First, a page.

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Mark Bones "ImpressionableAge" (Yorkshire)

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Introduction to Mathematical Philosophy
Introduction to Mathematical Philosophy
by Bertrand Russell
Edition: Paperback
Price: £15.00

1 of 1 people found the following review helpful
5.0 out of 5 stars Lucid pleasure, 5 Dec. 2010
I wish all books about maths (and books OF maths) were written as well and as simply and as clearly as this one. I bought a copy after beginning to read around the subject of Gödel's Incompleteness Theorems. I first found that a lot of issues described in Gödel referred tantalisingly to questioms and answers that had already addressed by other Big mathematical Names of the time such as David Hilbert, Gottlob Frege and Bertrand Russell. In short, I needed some more background. Russell's Introduction to Mathematical Philosophy seemed as though it would fit the bill - and it does ! I've only had time to read three chapters so far, but I am already hooked. They are easy to understand, and enable you to think about the issues for yourself. Wonderful ! And if Russell could write like this, why don't other mathematical writers ? Is it because they can't, or they think that wilful obscurity is a some weird kind of antique virtue ? My jaw is still on the floor in the meantime. Love this book !

Lost Face: Best Science Fiction from Czechoslovaki
Lost Face: Best Science Fiction from Czechoslovaki
by Josef Nesvadba
Edition: Hardcover

5.0 out of 5 stars Nesvadba's Lost Face, 17 May 2009
If you like East European SF, this is a must. After all, it's the good stuff that makes it to the West (still). The book feels a bit traditional today, but the stories are clever and humorous in a distinctively Czech style, so who cares? Cos they're good anyway.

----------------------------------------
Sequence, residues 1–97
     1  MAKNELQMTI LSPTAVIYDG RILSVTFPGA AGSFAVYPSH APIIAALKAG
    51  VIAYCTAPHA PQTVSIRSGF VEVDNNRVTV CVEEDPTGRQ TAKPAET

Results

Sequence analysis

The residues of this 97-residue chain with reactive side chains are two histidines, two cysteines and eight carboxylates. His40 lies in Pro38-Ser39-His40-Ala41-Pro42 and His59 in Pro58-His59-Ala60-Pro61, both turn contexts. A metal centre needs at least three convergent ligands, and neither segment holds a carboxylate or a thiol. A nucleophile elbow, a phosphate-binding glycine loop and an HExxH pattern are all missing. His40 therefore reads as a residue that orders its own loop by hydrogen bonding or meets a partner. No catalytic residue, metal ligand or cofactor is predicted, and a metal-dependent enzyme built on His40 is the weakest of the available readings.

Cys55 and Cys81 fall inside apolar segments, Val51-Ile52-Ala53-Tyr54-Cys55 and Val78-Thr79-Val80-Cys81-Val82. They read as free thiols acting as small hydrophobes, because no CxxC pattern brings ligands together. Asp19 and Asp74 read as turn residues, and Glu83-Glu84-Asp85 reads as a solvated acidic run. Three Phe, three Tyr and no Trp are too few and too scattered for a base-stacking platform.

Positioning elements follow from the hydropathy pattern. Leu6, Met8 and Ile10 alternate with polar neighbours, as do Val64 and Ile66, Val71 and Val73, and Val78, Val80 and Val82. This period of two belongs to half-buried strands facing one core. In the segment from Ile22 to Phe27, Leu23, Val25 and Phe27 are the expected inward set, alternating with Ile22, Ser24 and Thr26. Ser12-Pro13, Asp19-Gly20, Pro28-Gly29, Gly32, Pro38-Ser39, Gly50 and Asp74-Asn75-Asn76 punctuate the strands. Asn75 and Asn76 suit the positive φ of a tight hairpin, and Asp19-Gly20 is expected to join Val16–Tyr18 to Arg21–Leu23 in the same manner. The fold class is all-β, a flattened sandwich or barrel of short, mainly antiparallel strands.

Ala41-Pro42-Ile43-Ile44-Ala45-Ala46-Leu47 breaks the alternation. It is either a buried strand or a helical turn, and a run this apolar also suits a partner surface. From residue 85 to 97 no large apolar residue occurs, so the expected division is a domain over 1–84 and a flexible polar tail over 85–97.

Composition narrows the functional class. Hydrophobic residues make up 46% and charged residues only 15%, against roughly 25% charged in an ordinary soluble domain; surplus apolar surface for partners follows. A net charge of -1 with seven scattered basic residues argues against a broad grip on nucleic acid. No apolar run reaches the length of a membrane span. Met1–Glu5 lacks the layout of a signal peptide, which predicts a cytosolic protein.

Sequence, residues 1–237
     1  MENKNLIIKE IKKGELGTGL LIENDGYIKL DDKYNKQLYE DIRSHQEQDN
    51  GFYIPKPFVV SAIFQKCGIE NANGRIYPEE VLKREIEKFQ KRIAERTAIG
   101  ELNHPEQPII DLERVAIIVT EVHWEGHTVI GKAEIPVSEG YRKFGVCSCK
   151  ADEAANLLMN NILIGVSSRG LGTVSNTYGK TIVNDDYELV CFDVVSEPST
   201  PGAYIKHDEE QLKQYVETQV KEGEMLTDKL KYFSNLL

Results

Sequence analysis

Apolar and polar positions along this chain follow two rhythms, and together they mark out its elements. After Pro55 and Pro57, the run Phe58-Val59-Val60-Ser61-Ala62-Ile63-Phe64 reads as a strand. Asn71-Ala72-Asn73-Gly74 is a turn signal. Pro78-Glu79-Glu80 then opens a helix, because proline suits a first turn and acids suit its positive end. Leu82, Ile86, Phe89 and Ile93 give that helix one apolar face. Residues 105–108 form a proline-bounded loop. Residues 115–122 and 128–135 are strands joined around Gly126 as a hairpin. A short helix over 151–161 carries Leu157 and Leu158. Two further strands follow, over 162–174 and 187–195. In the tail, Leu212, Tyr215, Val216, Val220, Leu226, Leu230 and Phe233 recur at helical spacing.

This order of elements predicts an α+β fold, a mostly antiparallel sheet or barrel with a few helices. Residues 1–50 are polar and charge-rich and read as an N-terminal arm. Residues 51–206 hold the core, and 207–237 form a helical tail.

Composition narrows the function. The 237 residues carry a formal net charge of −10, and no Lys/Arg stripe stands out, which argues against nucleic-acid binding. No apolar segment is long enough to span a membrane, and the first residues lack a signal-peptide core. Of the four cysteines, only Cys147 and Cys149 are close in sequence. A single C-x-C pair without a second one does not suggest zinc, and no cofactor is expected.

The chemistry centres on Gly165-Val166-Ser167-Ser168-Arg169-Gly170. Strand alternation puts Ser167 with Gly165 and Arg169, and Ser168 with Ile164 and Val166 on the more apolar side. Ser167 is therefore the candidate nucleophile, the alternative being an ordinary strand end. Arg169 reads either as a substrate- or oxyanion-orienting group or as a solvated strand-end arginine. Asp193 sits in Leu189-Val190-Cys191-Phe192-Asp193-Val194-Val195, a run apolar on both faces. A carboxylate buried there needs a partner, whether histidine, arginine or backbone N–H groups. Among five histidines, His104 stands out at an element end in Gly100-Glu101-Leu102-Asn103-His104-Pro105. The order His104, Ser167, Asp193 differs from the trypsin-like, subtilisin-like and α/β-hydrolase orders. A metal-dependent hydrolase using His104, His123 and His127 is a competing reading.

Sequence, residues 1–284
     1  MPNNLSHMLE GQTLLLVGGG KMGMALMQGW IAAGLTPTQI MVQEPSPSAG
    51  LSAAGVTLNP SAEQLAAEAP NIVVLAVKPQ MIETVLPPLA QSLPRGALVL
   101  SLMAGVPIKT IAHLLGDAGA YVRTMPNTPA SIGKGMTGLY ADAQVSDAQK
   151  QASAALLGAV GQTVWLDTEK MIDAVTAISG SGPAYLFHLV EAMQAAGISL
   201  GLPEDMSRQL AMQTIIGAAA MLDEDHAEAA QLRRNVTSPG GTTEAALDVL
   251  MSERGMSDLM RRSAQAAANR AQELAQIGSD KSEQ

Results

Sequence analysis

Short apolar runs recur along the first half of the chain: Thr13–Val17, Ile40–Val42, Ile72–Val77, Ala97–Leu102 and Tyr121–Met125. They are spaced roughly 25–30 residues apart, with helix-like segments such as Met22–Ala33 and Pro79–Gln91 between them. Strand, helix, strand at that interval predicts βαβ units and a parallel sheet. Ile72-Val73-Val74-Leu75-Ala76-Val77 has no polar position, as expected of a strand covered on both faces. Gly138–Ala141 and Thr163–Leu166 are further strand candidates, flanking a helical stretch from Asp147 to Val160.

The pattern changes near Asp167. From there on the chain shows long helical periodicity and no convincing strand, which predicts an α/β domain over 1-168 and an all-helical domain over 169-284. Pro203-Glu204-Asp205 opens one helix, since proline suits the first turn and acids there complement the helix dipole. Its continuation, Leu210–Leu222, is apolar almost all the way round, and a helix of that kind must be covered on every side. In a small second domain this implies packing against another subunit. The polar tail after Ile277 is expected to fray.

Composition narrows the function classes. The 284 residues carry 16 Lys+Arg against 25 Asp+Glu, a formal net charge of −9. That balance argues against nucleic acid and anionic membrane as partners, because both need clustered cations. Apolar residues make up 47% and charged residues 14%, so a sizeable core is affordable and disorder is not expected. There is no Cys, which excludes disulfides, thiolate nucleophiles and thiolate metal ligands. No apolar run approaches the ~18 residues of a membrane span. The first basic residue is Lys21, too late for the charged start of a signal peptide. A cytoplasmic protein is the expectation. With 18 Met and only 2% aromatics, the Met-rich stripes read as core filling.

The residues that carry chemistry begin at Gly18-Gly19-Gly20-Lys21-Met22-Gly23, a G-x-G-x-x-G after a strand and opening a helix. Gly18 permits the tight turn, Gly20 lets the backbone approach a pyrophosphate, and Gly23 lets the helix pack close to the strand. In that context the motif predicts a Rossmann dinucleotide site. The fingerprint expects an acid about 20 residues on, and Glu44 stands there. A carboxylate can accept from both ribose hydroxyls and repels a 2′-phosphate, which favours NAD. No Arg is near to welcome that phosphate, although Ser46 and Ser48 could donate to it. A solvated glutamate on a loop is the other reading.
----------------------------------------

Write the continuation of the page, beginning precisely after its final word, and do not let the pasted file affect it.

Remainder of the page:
Alan Moore's Writing For Comics Volume 1
Alan Moore's Writing For Comics Volume 1
by Alan Moore
Edition: Paperback
Price: £4.50

2 of 3 people found the following review helpful
4.0 out of 5 stars Alan Moore's Writing for Comics, 17 May 2009
This does what it says on the tin. It's densely written, though, so you have to concentrate. Alan Moore doesn't tell you how to do things his way, because he doesn't believe in that. But he does tell you how to start with your own idea, and then move through your own choice of structure, story, pace, transitions, world-building, place and personalities, before you hit the plot. This sounds complicated, but by the time you hit the detail of the plot, you've done so much preparation that things will be getting fairly easy by then... Or rather this is how A.M. was doing things some years ago, and you can see it in practice in the work he was doing at the time. Today he says he is experienced enough to jump into the middle of the process, but you can't do that when you're starting out. And the key thing is to stay up to date and work up your own way of doing things anyway. If you believe in it, enough other people are likely to as well. In short, this is a challenging little book. But if you're serious about doing your thing in comics, you'd be crazy not to check it out and see if it's right for you.

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